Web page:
Online giving challenges are a growing trend among corporations these days and it’s easy to see why. It’s a great way for corporate entities to not only fulfill their philanthropic obligations but heavily market their brand while they’re at it. From a nonprofit’s standpoint this can certainly be an enticing opportunity; after all, how difficult could it be to get your loyal supporters to “like” your organization a handful of times on Facebook, in order to get a shot at a couple hundred thousand dollars? Not so fast—we’ve found that a lot more goes in to preparing for these types of challenges than meets the eye.
We heard from a nonprofit last week at the NC AFP Conference, who recently set their sights on a corporate online challenge grant. The organization’s staff wasn’t large enough for one individual to be assigned to the project, so multiple staff members ended up dedicating time to the effort. They worked diligently for months gathering support, creating a variety of marketing materials encouraging people to vote for the nonprofit. The organization invested in a Flip camera to record footage of their constituents in action to be submitted for the grant and even purchased an iPad so that individuals could vote for the organization on-site at special events.
After months of preparation, the nonprofit unfortunately found out that their efforts hadn’t paid off. How incredibly discouraging after having invested not only staff hours, but money and resources, not to mention two missed opportunities to apply. (Due to the competitive nature and popularity of the grant, applicants were required to submit their forms at midnight on a specific date — on several consecutive occasions the organization was unable to get their application through due to the outpouring of competing organizations trying to log on at the same time.)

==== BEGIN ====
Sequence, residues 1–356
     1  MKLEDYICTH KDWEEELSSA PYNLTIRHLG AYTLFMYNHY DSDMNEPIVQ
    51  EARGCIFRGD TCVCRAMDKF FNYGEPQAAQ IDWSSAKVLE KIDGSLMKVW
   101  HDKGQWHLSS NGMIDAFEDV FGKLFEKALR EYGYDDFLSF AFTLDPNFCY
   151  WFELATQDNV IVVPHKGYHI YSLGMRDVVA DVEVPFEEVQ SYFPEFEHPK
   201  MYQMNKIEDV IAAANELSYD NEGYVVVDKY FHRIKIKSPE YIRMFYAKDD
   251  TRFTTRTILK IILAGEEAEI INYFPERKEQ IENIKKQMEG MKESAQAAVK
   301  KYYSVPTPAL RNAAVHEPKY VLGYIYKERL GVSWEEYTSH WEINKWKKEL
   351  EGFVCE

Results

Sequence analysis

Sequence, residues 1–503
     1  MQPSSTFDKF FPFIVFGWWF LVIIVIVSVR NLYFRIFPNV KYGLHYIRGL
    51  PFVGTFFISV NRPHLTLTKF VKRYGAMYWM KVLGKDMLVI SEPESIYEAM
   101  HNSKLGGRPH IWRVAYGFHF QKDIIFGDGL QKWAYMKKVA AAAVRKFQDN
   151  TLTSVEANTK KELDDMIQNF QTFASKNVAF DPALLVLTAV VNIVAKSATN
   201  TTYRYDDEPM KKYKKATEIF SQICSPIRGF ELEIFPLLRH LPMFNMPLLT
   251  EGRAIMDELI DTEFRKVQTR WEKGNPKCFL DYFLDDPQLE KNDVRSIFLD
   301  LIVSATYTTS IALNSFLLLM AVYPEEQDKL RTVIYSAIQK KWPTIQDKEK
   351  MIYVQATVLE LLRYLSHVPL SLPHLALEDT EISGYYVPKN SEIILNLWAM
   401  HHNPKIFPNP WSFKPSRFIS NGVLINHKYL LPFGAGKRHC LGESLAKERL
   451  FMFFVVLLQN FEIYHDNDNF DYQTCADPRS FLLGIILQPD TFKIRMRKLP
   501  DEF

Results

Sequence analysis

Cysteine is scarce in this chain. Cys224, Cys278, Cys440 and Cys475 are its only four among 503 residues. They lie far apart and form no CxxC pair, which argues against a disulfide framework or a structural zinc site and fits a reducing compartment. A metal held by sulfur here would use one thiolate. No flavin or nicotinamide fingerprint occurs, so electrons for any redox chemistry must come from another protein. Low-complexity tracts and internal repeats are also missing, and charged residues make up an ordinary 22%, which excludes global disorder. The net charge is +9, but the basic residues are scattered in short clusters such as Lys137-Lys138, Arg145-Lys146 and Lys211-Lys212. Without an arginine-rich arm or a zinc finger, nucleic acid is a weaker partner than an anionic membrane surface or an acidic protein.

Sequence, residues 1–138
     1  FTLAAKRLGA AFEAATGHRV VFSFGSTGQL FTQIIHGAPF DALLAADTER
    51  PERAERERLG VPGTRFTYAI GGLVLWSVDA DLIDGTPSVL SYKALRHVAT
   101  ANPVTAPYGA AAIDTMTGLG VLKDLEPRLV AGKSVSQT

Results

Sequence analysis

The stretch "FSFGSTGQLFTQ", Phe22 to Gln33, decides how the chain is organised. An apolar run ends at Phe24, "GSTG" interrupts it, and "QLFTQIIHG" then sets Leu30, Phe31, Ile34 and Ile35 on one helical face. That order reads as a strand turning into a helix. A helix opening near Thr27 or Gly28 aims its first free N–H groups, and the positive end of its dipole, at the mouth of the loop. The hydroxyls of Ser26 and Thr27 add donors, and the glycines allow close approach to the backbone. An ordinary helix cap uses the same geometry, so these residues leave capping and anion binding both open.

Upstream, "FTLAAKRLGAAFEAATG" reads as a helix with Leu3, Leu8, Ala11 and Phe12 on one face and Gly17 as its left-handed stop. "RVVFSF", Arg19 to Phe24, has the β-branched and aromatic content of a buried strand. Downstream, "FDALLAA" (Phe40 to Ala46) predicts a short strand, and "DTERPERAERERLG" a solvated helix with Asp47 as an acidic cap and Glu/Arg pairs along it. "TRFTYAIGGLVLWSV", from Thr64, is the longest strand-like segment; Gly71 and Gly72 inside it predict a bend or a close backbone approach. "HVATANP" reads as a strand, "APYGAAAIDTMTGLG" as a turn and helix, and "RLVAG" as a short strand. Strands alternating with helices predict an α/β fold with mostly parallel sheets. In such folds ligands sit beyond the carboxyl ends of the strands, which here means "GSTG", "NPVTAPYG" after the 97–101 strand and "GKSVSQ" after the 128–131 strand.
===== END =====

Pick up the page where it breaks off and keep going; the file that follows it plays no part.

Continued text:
There are certainly success stories out there, like Hampton Roads’ own Norfolk Botanical Garden who was recently awarded a $125,000 grant from the Chase Community Giving philanthropic program, after they received more than 12,000 votes on various Facebook pages. But it’s important to keep in mind that for every one nonprofit who is awarded a grant like this there are likely thousands who went to a lot of effort for no return whatsoever. So, if you are considering applying for an online challenge grant from a large corporation, remember the case of the organization mentioned above, especially if you are a small nonprofit with limited staff. If you feel that your organization is capable of maintaining the momentum required to gather enough support to make yourself eligible, consider developing a marketing plan before you begin. Be sure to take into consideration exactly how much time will be required of your staff and how much money will need to be invested to market your organization. Also, keep in mind that even if your plans are perfectly executed, the chances of your organization winning are relatively slim.
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